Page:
Aging population demographics
The aging population continues to grow globally. Estimates project that the global proportion of individuals over the age of 65 will double from 7.8% (524 million individuals) in 2010 to approximately 16.7% (1.5 billion individuals) in 2050. Figure 1.1 details the changes in percent population and population size of the worldwide older adult population from 2010 to 2050.
Growth of the older adult population is expected to continue as healthcare and technology continue to improve health outcomes and fertility rates continue to decline. This doubling of the proportion of the population over the age of 65 has profound implications for economic and social policy. Although the change in the aging population is occurring globally, rates differ greatly between developing and developed countries.
Developed countries—ones that have undergone demographic transitions and industrialization—have long been thought to be unduly burdened by this population shift. As individuals in these countries are living
Figure 1.1 World population and the percentage of the total population aged 65 and older. Not only is the world population growing, but the percentage of older adults is also expected to grow. By 2050, 16.7% of the total population will be over the age of 65.
longer and children are considered more of an expense, fertility rates have dropped below replacement rates of 2.1 children per woman. This leads to a reduced workforce as older adults age out of the workforce and fewer children are born to replace them.
Countries throughout Europe and Asia are facing significant issues in workforce decline and shifting population pyramid structures. Other developed countries, such as the United States, Canada, and Australia, are experiencing slow growth in their workforce while still experiencing a growing population of people over the age of 65 who are often dependent on government welfare programs funded by taxes on working-age individuals. Population pyramids (Figure 1.2) detail the projected changing structure of the global population from 2010 to 2050.
With a reduced workforce and overall change in the number of aging individuals, some developed countries are confronting issues of increased numbers of individuals on social welfare programs in older age, and the need for greater resources for long-term care. As most developed countries are at or below the replacement rate—the number of children born per woman to keep the population rate stable—the overall population of many industrialized nations is declining. With fewer children being born and the population continuing to age, the issues of long-term care and social welfare programs will only become more significant as the next phase of demographic transition occurs.
Not only are the overall populations of these countries continuing to age, but the numbers of oldest old are continuing to increase as well.
Figure 1.2 Global population pyramid for 2010 and 2050. By 2050 the shape of the global population pyramid is expected to shift from a traditional pyramid structure to a more column-like structure as the population grows older.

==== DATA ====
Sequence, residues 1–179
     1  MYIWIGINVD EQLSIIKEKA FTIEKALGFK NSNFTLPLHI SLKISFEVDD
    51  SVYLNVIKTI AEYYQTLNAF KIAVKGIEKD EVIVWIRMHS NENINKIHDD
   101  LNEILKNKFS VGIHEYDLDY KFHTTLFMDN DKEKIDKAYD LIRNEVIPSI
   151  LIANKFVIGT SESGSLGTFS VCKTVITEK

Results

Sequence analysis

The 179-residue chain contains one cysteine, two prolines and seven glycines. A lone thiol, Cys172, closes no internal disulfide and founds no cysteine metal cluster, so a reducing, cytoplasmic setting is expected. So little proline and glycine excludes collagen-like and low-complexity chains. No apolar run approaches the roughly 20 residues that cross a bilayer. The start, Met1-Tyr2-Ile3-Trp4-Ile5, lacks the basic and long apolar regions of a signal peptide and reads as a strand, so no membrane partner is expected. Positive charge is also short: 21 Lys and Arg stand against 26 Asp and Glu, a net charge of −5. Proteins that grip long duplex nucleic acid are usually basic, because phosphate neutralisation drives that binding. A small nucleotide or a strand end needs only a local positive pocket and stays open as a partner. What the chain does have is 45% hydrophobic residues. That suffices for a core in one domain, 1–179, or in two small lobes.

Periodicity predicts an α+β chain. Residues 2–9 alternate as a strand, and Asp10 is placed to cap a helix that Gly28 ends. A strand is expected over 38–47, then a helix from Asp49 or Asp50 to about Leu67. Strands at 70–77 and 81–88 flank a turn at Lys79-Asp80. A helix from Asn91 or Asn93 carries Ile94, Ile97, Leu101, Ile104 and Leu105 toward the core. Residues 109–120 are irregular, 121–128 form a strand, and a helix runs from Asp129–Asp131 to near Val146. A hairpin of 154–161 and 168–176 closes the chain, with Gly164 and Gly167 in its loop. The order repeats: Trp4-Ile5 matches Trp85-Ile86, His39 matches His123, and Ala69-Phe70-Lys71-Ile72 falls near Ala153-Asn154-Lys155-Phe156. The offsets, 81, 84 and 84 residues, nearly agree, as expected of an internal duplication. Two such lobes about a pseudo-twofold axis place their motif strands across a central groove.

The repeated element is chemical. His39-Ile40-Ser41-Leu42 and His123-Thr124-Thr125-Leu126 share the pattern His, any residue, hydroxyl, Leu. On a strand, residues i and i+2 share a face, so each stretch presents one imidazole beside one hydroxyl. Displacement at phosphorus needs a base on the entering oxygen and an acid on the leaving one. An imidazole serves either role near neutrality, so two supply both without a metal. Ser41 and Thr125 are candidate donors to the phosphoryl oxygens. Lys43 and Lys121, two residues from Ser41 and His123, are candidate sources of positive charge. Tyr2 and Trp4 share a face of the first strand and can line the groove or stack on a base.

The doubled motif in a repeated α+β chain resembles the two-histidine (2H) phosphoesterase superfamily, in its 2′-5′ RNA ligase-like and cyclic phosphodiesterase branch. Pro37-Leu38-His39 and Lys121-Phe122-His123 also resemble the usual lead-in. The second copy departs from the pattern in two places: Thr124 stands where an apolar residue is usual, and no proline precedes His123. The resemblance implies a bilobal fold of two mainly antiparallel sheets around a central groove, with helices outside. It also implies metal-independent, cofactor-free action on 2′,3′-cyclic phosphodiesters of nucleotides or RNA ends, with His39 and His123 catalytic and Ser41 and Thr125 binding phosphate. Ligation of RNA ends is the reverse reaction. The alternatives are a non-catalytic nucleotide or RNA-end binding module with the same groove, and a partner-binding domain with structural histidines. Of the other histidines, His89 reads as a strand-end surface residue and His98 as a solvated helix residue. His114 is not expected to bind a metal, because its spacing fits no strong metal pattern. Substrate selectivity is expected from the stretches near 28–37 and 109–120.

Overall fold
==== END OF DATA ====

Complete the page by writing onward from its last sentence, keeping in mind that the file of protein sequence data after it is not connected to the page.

The oldest old—those 85 years of age and older—are often the portion of the older adult population that is most burdened by chronic disease. Although the numbers differ greatly between countries, the oldest old as a total portion of the global population is expected to increase 151%
Figure 1.3 Population pyramid for Japan for 2010 and 2050. By 2050 Japan's population pyramid is expected to flip, with a majority of the population being over the age of 65.
between 2005 and 2030. Japan will be most impacted by this aging segment of the population. By 2050, 40% of Japan's population will be 65 or older, and Japan will have the greatest percentage of oldest old in the world. Figure 1.3 shows the projected growth and distribution by sex of Japan's older adult population from 2010 to 2050. The total portion of the oldest old will not increase quite as rapidly for the United States and some other newer developed countries.
Overall, developed countries are experiencing a significant demographic transition as the aging population continues to grow. Economic and social policies are being designed and implemented to address the changing population in developed countries, although they are not the only countries experiencing changes in their aging populations. Developing countries also have aging populations for which they are not structurally equipped. With increases in healthcare, individuals are living longer. In addition, many developing countries have experienced an epidemiological shift and are now dealing with chronic health issues more than acute health issues. As individuals are living longer, many developing countries are seeing a dramatic increase in life expectancy. Because of advances in healthcare, many developing countries are beginning to see increasing life expectancies and will soon be facing similar issues.
China is a unique and extreme example of aging in a developing country. Although China has made significant growth in the last three decades, it remains a developing country by the World Bank standards, as its per capita income is only a fraction of that of developed countries. The population of China is changing. Since the implementation of the one- child policy in China in 1979, the growth of China's population has been stunted. In 2000, 10.1% of China's population was over the age of 65. By 2050, it is projected to be 24% of the population, thus exceeding the global average.